I actually ended up connecting with a few different women who I had seen around at pre-natal class, the obgyn, and the mall that I had been shy to approach (I know, right?! Me?! Shy?!) But it’s true…as much as you want to share and connect, striking up convo with strangers is weird. Thank god my experience in a sorority taught me how to approach other women. I always start with a compliment; your baby is adorable, or, I love your diaper bag,

This blog has also been an amazing way to connect with other moms. My heart bursts with joy every time one of you reaches out to connect or to simply say “ditto” to my most recent post. Keep it up! Motherhood can be isolating. So much of your time is wrapped up in your baby and it gets a little lonely. Each time someone reaches out digitally, it’s like a warm hug and instantly brings a smile to my face. Thanks for listening to my complaints…er, I mean stories.

I’m slowly building my mom tribe and would love to connect with you if you have kids (especially if you are in Montreal and on mat leave). Leave a note in the comments! 

Adventures in Breastfeeding

My breastfeeding story isn’t unusual. Before having a baby, I figured that you put the baby at the breast and the rest was nature taking over. WRONG! Never has something so natural, been so difficult! I struggled…a lot! I thought about giving up nearly every day. I cried, cursed, screamed. I spent hours googling remedies for sore breasts. I joined lactation groups, had my own lactation consultant and became obsessed with finding out how I could make my misery end.

Let’s go back to the beginning. One of the questions I was asked repeatedly while pregnant was whether or not I’d breastfeed. My mom breastfed my brother and I, and since she is my guru on all things baby, I knew that it was something I wanted to do. Plus I factored in all the research; breastfeeding protects baby from illness, allergies, SIDS, as well as boosting your child’s intelligence and reducing mom’s stress levels and risk for postpartum depression. But other than that, I didn’t know what I was in for.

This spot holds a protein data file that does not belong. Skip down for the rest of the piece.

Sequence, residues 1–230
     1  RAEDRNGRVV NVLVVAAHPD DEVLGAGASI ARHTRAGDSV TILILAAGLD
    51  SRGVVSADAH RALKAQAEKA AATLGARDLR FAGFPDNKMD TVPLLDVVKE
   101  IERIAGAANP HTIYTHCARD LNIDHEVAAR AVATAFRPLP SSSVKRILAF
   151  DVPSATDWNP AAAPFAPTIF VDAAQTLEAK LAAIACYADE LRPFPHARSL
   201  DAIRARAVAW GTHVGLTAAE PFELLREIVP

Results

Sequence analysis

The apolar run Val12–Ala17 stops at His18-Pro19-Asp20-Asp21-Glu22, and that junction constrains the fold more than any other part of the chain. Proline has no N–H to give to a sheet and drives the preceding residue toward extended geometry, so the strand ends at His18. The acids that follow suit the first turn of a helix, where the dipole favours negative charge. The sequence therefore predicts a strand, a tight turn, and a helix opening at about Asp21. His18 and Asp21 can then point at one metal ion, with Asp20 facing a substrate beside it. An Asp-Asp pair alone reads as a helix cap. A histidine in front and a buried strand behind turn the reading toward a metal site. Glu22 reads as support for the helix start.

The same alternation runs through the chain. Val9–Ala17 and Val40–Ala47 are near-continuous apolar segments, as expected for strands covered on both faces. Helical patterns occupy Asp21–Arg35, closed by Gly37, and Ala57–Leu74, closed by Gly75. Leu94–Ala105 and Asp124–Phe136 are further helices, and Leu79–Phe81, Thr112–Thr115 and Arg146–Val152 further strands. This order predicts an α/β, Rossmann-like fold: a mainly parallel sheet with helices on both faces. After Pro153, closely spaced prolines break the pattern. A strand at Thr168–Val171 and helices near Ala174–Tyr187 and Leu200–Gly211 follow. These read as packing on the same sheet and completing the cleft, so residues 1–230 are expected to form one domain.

Naturally, being the Type-A person that I am, I signed-up for a breastfeeding workshop where nurses demonstrated how to get a baby to latch (i.e. suck your nipple properly) with a knitted boob. “Sure,” I thought, “seems easy enough!” I followed this up by reading my mom’s “The Womanly Art of Breastfeeding” and felt like I would figure the rest out once baby arrived.


At the hospital, in the post-partum recovery, a sweet nurse helped me breastfeed for the first time. She literally squashed my gigantic 40DD boob into my little one’s mouth. As your body isn’t really your own post-delivery, I went with the flow and was encouraged when she seemed excited that the baby had latched. But, holy shit was it painful! I chalked it up to being a first-timer and continued this painful experience every 2 hours because Charlotte was a hungry little hippo.

The real drama began once the pediatrician told us that Charlotte had a tongue-tie. This means that the piece of skin that attaches her tongue to the floor of her mouth is unusually short. This restricts the range of motion and was the culprit behind the pain. She doctor offered to cut it for us and two minutes later it was done. But the pain in my nipples and breasts continued and was joined by a blood blister, bruises, bleeding and cracks.